Chapter (9) Nine
“My government name is not relevant to you Hevalin, as they say.” Havalin is the plural of Hevals, multiple friends.
Says Heval Errdal, a cheeky British Jew of left wing leanings with many Kurdish friends. He sits with his old friend Ana Montgomery Campbell from Lewes, U.K. who later died a Martyr in the defense of Afrin Canton. The British pipeline begins in Birmingham. Actually hundreds of ISIS Islamists had been recruited from Birmingham. Literally many hundreds.
“You may call me by my Kurdish guerrilla name is Heval Erdal. I’m lanky and have a highly disarming grin, so say the ladies. I’m just having a kid, which is to say a laugh; the ladies don’t say nothing like that. I’m British clearly, but also part a cheeky Jew. It’s not a very well thought out part to be honest. Don’t practice any of it. I became active in the Kurdish movement protesting Turkish arms deals and attending cultural events at the centers. My working class British city had literally hundreds of Jihadists who took off for the Middle East and joined Daesh. Fuck all mate, hundreds! They took wee kids and wives with them. They thought it was the end of times. Well it had end of times properties, I’ll give it that.”
So I was always a ‘wee activist’ with politics of the progressive kind, but I love them Kurds man! They’re so awesome. Humble, principled mountain people. Leftists. Warriors. Love um! Sometime in August of 2016 I made up my mind to travel to Kurdistan and join up with the People’s Protection Units; the famous and glorious Y.P.G..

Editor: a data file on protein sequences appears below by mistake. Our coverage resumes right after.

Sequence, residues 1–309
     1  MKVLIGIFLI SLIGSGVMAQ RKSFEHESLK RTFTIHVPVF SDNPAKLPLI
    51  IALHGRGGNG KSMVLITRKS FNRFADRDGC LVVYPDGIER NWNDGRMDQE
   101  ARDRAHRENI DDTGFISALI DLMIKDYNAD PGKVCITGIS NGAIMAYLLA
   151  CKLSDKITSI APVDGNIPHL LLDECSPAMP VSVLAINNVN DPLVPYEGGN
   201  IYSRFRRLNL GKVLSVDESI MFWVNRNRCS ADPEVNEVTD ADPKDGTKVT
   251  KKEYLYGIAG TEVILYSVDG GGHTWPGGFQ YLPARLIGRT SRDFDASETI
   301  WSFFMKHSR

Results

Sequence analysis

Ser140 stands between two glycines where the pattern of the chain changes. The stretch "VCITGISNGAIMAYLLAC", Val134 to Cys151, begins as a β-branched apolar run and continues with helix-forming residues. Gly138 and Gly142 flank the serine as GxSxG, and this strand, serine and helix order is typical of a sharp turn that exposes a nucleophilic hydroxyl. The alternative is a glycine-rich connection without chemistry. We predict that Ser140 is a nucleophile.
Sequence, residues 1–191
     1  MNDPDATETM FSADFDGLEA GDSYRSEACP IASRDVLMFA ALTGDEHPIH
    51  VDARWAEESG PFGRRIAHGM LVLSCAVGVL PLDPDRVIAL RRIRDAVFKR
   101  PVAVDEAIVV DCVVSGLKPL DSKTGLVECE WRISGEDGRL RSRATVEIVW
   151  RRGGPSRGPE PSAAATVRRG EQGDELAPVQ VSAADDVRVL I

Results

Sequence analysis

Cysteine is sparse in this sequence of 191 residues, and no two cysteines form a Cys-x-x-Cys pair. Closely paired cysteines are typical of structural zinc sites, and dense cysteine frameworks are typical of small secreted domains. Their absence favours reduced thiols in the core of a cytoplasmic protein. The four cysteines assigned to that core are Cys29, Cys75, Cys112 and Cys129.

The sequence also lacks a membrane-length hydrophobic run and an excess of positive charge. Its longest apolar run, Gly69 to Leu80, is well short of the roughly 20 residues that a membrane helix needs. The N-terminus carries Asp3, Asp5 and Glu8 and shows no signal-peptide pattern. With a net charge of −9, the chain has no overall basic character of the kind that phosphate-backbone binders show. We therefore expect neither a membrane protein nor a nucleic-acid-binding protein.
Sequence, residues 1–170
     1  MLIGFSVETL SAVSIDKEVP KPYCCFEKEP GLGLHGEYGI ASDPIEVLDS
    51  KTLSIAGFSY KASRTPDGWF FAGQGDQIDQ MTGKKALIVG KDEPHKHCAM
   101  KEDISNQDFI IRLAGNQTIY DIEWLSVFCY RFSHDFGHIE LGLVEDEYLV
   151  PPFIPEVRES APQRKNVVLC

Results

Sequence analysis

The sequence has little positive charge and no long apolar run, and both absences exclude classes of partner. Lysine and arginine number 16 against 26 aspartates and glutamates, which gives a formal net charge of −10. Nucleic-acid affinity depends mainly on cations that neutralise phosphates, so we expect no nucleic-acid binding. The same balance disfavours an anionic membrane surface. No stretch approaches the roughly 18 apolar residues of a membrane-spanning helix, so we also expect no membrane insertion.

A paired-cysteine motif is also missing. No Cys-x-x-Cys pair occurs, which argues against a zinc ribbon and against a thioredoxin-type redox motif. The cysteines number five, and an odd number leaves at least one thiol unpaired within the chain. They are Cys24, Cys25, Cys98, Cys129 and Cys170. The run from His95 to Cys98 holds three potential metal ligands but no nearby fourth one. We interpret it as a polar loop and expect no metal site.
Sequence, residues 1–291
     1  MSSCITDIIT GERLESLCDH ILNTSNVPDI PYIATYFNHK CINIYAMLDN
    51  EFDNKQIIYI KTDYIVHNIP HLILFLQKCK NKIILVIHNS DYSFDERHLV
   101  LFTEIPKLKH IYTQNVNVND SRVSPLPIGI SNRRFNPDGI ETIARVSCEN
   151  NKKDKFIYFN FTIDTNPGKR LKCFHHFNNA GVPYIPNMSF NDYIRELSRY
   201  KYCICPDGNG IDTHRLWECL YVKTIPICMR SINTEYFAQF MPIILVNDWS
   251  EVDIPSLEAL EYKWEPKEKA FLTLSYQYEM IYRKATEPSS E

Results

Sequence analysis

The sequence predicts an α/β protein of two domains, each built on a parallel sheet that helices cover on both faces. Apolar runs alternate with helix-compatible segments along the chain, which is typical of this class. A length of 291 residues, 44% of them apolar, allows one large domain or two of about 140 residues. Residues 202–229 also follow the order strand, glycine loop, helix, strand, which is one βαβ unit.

So I worked a bit more than usual. I saved up about 2,000 quid and there I had a chance to ask the right questions about who to contact, literally just an email address called YPG REVOLUTION, and I answered a bunch of questions for them. Then I was approved to go. It didn’t take nearly as long as lots of chaps complained. Britain has the second largest contribution of foreign fighters to Y.P.G./Y.P.J. right after Turkish leftists.
But life happens, you have a girlfriend you can’t bring, and you have an apartment you can’t just leave. You also have a bit of fear in you. No one wants to die! Unless you’re one of these Jihadist tossers. You make various excuses. Well not me, I don’t worry about dying. I had a pretty boring apartment. My job was bullocks. We all have bollocksy jobs so it made it easier to leave mine and go, knowing how much I hated my current situation in what Kurds call Capitalist Modernity. Also, there were brave Hevals who went in earlier, when things were more desperate and asymmetrical.